Friday, November 07, 2003


It's curious. An otherwise glittering performance of Mahler's Second Symphony ('The Resurrection') by the Philharmonia -- under the baton of long-term enthusiast Gilbert Kaplan -- at London's Royal Festival Hall on 3 November did not use the new, definitive Deutsche Grammophon score of the work. This seems odd because many had assumed that this concert had been timed to coincide with the publication.

As is well known, Kaplan (an amateur conductor and musicologist solely devoted to this work) has paintakingly reconstructed the most authoritative version of 'The Resurrection' ever published, using the 14 different printed sources going back to the composer. He has been assisted in this herculean task by co-editor and world-renowned Mahler devotee Renata Stark-Voit.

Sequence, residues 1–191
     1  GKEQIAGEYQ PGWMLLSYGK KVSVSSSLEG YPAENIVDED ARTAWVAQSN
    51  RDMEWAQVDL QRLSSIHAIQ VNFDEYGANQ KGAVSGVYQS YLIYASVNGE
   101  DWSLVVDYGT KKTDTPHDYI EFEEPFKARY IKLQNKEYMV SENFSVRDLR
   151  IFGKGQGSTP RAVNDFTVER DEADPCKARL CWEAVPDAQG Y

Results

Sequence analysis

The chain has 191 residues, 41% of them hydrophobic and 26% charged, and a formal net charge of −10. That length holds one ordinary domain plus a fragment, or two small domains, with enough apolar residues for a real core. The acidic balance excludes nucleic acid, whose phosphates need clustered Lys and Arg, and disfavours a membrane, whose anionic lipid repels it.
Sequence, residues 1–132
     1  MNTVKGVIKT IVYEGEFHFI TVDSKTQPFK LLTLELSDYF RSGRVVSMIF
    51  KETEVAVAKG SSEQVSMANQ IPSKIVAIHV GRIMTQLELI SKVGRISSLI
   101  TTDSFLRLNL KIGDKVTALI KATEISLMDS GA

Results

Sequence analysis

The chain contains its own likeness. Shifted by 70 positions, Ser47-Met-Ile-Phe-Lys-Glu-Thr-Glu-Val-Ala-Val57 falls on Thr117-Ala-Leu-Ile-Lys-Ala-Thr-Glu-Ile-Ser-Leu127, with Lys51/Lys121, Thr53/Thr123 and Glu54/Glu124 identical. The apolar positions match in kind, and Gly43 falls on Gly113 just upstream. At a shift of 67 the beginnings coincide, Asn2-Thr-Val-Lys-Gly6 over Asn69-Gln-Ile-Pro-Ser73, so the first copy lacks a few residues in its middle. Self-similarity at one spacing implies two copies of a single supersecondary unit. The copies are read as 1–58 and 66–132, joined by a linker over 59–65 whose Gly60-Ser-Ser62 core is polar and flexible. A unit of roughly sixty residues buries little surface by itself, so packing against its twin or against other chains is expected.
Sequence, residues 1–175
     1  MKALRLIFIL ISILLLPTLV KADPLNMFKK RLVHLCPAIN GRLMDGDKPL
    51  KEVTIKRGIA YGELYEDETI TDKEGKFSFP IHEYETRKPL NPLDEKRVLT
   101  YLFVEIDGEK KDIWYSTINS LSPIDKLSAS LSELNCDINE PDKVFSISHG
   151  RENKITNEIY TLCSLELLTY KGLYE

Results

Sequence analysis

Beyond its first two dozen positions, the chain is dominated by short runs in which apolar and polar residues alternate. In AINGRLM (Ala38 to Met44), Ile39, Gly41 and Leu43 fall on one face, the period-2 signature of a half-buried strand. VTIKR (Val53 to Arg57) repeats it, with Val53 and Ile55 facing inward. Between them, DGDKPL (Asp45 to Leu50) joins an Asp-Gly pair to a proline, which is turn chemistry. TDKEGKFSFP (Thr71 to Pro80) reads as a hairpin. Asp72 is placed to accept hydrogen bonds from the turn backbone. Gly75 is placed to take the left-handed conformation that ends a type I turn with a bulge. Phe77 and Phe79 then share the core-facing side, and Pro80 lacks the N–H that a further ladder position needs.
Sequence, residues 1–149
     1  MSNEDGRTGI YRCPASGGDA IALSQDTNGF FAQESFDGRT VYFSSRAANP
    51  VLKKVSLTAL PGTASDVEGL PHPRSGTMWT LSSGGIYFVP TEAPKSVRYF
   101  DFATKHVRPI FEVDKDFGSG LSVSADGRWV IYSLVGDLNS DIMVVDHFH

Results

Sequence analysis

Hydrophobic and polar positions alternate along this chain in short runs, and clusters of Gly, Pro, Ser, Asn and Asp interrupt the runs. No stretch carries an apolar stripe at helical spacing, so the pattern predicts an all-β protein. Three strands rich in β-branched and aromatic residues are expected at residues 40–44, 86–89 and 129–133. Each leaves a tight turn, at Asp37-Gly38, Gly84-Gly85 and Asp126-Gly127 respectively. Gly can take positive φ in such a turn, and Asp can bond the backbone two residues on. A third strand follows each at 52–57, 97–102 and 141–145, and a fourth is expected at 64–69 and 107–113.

Rumour has it that the Vienna Philharmonic may have lobbied hard to preserve the world premier for themselves. The official reason is that the orchestral parts were not available in time. Diana Damrau (soprano) and Nadja Michael (mezzo-soprano) were the soloists at the RFH, along with the London Philharmonic Choir and the Brighton Festival Chorus.

Also worth a look is Donald Mitchell's essay, "The Twentieth Century's Debt to Mahler: Our debt to him in the Twenty-first", from the 2000 MahlerFest.

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